Located in the suburb of Kellyville Ridge is a property which has a confusing history. Now known as Merriville it was originally called Maryville.
Sometime between 1822 and 1825 a small home was built on the property now known as Merrivale by Jonas Bradley. Governor Macquarie had granted Jonas and his two sons, Thomas and William, 380 acres in 1818.
Jonas already had land holdings at Freemans Reach. Jonas shortly purchased another 300 acres adjoining his grant and, reportedly, successfully grew tobacco on the property and developed a sheep dip using tobacco leaf for the treatment of scabies. They also had very large land holdings in Goulburn. Thomas died in 1835 and Jonas inherited his holdings.
After the death of Jonas Bradley in 1841, the property was inherited by his son, William. At the time that William acquired the property it consisted of 680 acres. William had married Emily Elizabeth Hovell daughter of the explorer William Hovell and resided mainly in Goulburn.
Around 1852-53 William sold the property to Elias Pearson Laycock, grandson of Quartermaster Thomas Laycock. Elias’s wife was the daughter of Grace Lysaght whose mother was Mary Longfield and perhaps the property became “Maryville” in honour of Grace’s mother as that was around the time the property became known by that name. In 1858 Grace’s brother, John, was residing at Maryville.
Well-known in the Hillls district, the Pearce pioneering family become owners of Maryville when Robert Pearce, grandson of Matthew Pearce of Kings Langley, purchased Maryville in 1866. The Pearce family were successful orchardists, their many sons worked and developed large farms in Seven Hills, Kellyville and Rouse Hill. A few of our local suburbs have been named after many of the Pearce properties including Stanhope Gardens, Bella Vista and Kings Langley.
Robert Pearce added to the Maryville property by purchasing the 1500 acre property known as Hambledon which adjoined Maryville. I have read that the cottage on Hambledon may have been transported and used to establish additional rooms to the Maryville homestead and possibly provide material for outbuildings.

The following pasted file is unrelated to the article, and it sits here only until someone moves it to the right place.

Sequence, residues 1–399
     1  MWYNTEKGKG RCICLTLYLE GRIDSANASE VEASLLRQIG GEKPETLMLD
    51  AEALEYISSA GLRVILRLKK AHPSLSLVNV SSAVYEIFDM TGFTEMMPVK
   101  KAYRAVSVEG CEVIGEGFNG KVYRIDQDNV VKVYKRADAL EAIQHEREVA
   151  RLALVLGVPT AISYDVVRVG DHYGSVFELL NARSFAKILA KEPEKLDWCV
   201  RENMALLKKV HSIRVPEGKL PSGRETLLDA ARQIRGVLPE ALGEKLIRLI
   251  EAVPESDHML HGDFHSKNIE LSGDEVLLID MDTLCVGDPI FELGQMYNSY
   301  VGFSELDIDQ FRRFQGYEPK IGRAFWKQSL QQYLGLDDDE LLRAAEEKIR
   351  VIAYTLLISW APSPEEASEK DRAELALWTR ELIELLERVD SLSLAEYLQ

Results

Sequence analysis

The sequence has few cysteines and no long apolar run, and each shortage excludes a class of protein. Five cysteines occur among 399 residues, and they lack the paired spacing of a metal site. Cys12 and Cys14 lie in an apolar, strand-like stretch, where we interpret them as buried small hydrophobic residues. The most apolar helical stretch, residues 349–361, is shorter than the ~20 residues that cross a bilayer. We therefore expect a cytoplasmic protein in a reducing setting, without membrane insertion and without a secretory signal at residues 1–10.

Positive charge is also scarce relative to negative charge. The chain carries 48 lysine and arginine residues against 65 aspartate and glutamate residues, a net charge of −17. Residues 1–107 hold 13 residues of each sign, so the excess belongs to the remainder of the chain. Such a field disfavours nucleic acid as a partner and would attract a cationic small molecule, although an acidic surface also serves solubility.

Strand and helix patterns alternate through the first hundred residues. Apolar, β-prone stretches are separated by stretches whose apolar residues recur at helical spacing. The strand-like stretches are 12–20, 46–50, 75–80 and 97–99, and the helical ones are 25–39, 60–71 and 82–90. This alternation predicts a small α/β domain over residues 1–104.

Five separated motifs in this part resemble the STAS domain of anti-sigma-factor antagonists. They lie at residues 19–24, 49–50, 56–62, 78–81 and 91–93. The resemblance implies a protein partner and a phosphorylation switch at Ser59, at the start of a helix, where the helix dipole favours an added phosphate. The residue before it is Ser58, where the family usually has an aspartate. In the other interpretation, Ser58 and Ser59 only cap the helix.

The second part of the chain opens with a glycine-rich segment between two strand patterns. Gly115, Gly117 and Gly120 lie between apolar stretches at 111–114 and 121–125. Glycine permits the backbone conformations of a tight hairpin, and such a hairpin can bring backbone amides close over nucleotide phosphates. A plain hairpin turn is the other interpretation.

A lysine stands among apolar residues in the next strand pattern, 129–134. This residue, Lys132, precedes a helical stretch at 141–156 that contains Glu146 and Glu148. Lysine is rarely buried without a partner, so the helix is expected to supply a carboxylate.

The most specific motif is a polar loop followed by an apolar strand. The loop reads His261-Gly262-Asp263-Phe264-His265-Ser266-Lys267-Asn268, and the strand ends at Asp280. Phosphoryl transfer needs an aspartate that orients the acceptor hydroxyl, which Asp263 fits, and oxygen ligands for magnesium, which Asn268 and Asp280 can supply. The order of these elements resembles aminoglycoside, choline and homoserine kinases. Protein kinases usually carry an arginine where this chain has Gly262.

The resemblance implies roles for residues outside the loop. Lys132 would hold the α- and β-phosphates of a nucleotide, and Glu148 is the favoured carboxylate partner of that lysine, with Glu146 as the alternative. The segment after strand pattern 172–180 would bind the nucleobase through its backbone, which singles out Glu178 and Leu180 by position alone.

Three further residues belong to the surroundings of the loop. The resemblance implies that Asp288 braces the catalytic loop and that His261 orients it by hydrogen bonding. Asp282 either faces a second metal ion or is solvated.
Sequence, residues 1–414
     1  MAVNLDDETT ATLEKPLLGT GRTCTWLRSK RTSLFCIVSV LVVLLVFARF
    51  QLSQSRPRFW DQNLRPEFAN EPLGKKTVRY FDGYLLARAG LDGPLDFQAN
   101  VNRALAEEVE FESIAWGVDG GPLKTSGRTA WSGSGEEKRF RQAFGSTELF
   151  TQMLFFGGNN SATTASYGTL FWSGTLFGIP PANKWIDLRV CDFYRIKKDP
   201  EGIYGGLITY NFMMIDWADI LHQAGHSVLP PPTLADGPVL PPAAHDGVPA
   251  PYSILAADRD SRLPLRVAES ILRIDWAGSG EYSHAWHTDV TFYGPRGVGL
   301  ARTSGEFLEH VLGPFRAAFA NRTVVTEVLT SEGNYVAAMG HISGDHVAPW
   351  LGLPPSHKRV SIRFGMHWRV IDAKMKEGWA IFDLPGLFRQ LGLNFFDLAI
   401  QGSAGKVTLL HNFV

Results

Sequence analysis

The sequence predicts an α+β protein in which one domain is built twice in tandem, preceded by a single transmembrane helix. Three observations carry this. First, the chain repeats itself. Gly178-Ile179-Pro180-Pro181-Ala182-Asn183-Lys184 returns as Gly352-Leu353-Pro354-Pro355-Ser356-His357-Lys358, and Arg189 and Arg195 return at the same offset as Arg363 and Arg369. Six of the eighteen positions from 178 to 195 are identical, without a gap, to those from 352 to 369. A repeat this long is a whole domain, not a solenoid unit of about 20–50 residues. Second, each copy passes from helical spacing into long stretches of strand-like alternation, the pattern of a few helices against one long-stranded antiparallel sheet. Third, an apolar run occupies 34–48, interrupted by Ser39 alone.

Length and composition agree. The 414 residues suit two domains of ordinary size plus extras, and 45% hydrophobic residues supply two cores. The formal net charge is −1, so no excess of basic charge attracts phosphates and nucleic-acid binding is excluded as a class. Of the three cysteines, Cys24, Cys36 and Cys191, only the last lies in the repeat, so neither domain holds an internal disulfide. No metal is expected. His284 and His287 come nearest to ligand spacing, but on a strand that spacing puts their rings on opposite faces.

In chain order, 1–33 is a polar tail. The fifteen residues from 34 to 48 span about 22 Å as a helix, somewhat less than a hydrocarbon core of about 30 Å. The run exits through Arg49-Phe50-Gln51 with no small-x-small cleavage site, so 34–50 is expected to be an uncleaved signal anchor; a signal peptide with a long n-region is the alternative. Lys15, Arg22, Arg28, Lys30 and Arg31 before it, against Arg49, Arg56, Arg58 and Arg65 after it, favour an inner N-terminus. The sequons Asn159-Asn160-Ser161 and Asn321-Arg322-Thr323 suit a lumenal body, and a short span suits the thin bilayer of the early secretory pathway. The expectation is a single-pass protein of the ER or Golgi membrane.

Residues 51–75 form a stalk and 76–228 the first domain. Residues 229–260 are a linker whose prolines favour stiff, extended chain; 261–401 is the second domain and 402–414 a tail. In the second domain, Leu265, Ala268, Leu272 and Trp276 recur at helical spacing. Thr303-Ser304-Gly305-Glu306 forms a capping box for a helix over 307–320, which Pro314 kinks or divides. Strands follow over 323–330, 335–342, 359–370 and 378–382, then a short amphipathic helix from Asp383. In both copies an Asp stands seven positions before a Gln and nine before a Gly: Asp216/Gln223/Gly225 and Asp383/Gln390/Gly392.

The rolling logs used to transport the building were apparently left lying on the ground for around 40 years. The Pearce family continued to own the property until the mid-1950s. At that time, the Pearce family had greatly reduced the size of the property having sold of parcels of land chiefly between 1949 and 1955 as the farm had become economically unsustainable.
The new purchaser of Maryville was the former Mayor of Manly, Charles Robert Scharkie. The property was said to be quite run down at the time and some building work was done on the house and outbuildings. Charles Scharkie’s son, Ian, and his wife Janne, moved into the home. Janne’s mother also came to live there and was known locally as having a “green thumb” having maintained the small garden at the house. The property was further reduced in size by the Scharkie family as maintaining most of the unproductive land was found to be very costly.
It was also during the ownership of the property by the Scharkie family that the property became known as “Merriville” possibly due to confusion or misunderstanding of the previous name of “Maryville”. Charles Scharkie also had a son named Robert (Bob) who purchased the 430 acre property named “Mungerie’ in 1955 upon which he started a dairy and transport business which he named “Mungerie Park”.
In 1969 Ian Scharkie inherited Merriville from his father and joined his brother Bob in combining the two properties and started the Mungerie Park Golf Course which they later leased to the Australian Postal Institute and it became the very successful Kellyville Country Golf Club.
The Golf Club together with grazing paddocks and Mungerie House was sold to the NSW Government in the 1980s, transferred to Landcom and became the site of the Rouse Hill Town Centre and surrounding developments. During 1992, the Merriville property was sold to Landcom and the land subdivided with Landcom separating the house and around 2 acres surrounding the house from the rest and selling by auction in 1993 to Colin and Marion Wade. The remainder of the Merriville property has become part of suburbia.
Merriville was classified by the National Trust of Australia (NSW) and a permanent conservation order was placed on it by the Heritage Council of NSW in 1982. My thanks and appreciation to Mark Pearce and Jilly Warren for their contribution to this article.